From a piece I wrote for The Irish Times.
During a match between Brazil and Uruguay at Confederations Cup in 2013 in Brazil, a warm up event for the World Cup, there were riots outside the stadium in Belo Horizonte as protestors expressed their disgust at government corruption and what they saw as the folly of hosting such a hugely expensive football tournament in a country where so many of its people live in poverty. The government told police and the BOPE – Brazil’s special forces unit – to use tear gas and rubber bullets to put down the unrest.
That day, as the burnt out cars still smouldered, Fifa issued a press release: Taittinger had signed up to be the official champagne of World Cup 2014.
The crass timing of the announcement reinforced the view that Fifa and the real world are not natural bedfellows, playing to the image of an arrogant and bloated organisation led by a hierarchy who were oblivious to criticism.
The World Cup has now come and gone. A five week festival of football ended with Germany beating Argentina in the final as some respected observers happy to label the tournament the ‘greatest ever’.
The fire hose of bad news that preceded Brazil 2014 was pushed to the margins as the game reminded everyone what the fuss should be all about: football. Against the expectations of many, the crowds came in their thousands to sit in finished stadia and the event passed off peacefully for the most part.
The only jeering to be heard at the final were when the big screens showed Sepp Blatter, the Fifa president, in the VVIP seats – Fifa’s guests are deemed ‘very, very’ important.
Blatter sat with Vladimir Putin with a near permanent smile on his face, due perhaps to the 78 year old Swiss’ intimate knowledge of Fifa’s finances, which are in very rude health indeed.
The governing body owns all commercial rights to the World Cup, the value of which have escalated rapidly over the course of the past three decades, driven by structural changes in the way we consume media. In a world where we can download anything to watch later, the value of the live moment has skyrocketed. Sports that can deliver a live global audience at a set time and place have been the main beneficiaries.
According to Sportcal, an industry journal, Brazil 2014 is likely to earn Fifa in the region of £2.55billion. This is expected to increase to beyond £3billion by the time the event visits Russia in 2018. If these estimates are correct, Fifa will have doubled its income between the 2006 and 2018 events. Most of this money is distributed to football associations around the world, helping to fund the game’s grass roots and pay for development programmes.
Television rights drive the bulk of the income, accounting for around £1.5billion, with the UK’s broadcasters BBC and ITV contributing a joint £120million for the right to share the 64 games of the tournament.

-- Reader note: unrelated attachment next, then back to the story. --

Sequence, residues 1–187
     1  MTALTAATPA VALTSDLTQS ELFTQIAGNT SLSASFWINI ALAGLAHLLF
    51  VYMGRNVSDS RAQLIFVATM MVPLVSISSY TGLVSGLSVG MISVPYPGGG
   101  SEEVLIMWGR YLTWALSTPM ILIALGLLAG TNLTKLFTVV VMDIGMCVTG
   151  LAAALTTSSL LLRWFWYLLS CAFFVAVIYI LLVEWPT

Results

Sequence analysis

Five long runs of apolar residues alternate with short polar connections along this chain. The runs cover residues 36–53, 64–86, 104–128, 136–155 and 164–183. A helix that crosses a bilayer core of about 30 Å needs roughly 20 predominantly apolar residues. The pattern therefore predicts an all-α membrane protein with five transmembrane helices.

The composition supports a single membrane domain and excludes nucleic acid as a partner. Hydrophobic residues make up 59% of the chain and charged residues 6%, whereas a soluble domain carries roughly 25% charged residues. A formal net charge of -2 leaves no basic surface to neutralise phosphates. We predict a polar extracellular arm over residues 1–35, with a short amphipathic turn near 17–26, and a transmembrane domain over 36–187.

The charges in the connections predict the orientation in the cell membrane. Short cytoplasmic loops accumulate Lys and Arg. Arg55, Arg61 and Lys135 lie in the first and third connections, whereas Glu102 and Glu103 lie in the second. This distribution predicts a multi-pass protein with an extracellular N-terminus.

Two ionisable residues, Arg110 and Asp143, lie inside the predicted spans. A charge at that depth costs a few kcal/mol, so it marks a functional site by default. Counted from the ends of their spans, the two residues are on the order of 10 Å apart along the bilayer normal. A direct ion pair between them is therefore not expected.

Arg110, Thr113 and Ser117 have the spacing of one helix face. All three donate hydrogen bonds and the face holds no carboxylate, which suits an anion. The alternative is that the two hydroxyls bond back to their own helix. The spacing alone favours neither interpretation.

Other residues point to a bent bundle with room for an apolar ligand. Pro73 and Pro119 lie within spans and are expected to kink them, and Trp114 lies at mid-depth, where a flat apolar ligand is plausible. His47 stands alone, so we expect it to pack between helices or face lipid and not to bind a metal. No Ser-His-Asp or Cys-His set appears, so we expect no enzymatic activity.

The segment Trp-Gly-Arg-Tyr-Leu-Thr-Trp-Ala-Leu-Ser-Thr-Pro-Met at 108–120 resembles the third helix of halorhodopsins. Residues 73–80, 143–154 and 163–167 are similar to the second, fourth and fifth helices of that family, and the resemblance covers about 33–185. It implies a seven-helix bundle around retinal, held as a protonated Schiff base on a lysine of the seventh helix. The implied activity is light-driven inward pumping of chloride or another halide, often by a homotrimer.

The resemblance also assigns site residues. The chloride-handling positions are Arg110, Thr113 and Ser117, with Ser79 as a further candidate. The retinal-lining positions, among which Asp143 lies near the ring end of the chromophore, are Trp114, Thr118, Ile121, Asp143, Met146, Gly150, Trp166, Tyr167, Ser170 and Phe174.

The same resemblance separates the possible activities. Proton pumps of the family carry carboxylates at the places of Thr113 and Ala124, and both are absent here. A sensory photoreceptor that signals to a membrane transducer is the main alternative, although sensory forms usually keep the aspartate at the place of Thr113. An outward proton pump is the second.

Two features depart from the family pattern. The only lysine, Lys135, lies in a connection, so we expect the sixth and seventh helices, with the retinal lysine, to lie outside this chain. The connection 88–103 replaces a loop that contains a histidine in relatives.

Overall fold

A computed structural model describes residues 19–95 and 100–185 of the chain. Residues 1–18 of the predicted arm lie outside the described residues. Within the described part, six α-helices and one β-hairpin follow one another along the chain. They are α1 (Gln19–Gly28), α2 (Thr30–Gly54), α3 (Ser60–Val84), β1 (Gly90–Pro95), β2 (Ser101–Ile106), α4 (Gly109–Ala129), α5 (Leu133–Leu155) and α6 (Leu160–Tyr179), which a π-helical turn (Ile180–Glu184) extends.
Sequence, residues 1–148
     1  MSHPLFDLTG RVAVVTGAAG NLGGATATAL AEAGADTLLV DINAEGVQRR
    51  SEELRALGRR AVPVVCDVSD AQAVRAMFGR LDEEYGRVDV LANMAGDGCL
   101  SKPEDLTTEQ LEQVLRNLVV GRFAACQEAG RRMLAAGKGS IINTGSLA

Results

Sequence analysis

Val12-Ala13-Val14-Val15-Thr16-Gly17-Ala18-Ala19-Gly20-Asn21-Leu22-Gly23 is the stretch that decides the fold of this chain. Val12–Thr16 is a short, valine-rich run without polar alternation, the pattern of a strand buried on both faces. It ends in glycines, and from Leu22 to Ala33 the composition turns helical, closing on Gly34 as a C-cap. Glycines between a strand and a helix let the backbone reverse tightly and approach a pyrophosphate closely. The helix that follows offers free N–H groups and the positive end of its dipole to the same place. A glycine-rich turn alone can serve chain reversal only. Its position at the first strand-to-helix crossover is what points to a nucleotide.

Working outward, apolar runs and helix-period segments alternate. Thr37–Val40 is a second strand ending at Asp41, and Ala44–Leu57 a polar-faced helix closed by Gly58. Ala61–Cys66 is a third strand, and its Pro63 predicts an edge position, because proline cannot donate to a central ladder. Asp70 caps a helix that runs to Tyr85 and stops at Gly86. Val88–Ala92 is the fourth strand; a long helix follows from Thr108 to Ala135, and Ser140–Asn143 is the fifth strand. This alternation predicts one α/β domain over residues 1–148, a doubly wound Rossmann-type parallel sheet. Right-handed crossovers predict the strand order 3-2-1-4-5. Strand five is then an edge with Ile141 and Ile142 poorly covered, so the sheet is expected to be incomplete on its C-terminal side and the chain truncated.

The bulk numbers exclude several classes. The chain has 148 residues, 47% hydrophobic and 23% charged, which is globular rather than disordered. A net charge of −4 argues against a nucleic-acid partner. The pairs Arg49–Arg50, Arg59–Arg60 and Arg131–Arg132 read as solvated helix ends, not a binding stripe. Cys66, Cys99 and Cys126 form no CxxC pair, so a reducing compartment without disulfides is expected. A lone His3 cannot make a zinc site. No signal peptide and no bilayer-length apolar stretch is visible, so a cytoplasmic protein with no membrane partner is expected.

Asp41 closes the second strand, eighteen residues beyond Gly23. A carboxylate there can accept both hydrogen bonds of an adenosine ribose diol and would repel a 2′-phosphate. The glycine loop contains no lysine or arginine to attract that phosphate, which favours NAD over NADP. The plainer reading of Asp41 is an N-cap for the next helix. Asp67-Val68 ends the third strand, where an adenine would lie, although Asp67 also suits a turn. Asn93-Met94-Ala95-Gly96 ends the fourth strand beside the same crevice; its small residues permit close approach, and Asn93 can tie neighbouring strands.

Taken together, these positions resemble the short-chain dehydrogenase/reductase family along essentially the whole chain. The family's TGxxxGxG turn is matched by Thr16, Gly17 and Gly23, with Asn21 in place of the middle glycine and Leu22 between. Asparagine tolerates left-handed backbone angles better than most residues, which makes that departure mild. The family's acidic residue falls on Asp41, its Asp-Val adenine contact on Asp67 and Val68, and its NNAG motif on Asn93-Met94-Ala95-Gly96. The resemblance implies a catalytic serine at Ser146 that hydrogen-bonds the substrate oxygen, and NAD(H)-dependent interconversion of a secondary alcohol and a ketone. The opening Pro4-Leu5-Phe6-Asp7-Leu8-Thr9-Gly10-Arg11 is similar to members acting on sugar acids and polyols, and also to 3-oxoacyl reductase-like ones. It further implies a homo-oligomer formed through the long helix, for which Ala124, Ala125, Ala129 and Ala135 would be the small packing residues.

Companies such as adidas, Coca Cola, Emirates and Sony are among Fifa’s highest paying sponsors, helping to boost marketing income to around £733million. This money is spent by companies seeking to associate their brands with football and the World Cup. But what happens if consumers link them not to football, but to Fifa?
This fear was palpable during the run up to Brazil 2014 as the governing body was stung by allegations of corruption and bribery by The Sunday Times. The vote to award the 2022 World Cup to the tiny gulf state of Qatar was previously seen as foolhardy – playing and watching football in a desert summer was not everyone’s idea of a beautiful game – and was now plunged in to a full scale crisis.
Keen to distance themselves from Fifa’s bad news, some of the sponsors took the unusual step of making public their concerns and Blatter commissioned an independent report on the bidding process to be carried out by an American lawyer, Michael Garcia. This report will be pored over by sponsors, the media and Blatter himself, who will hope that it helps to repair Fifa’s reputation by establishing once and for all the truth about the Qatar bid.
But anyone fooled in to thinking that Qatar will bring Blatter down are underestimating the political genius of the man who was first elected to football’s top job in 1998.
Blatter’s powerbase remains strong among the national associations he has supported since he joined Fifa in the mid 1970s and the organisation’s continued financial success cushions him against any attempts at defenestration.
More likely is that Blatter uses the Qatar scandal to his own advantage, jumping ahead of story to re-position himself as the agent of change, the white knight who brings in the reforms needed to modernise Fifa’s unwieldy decision making process.
This point was made by Michael Payne, who was head of Olympic marketing during the IOC’s Salt Lake bribery scandal in 2002. In the Financial Times, Payne wrote that, “In the Machiavellian world of international sports politics, it is not beyond imagination that Fifa’s leadership even encouraged the sponsors to speak out – knowing that, as with the IOC, their actions could help drive through necessary reforms that would be otherwise impossible”.
After 16 years at the head of world football, the reign of Sepp Blatter shows few signs of ending anytime soon.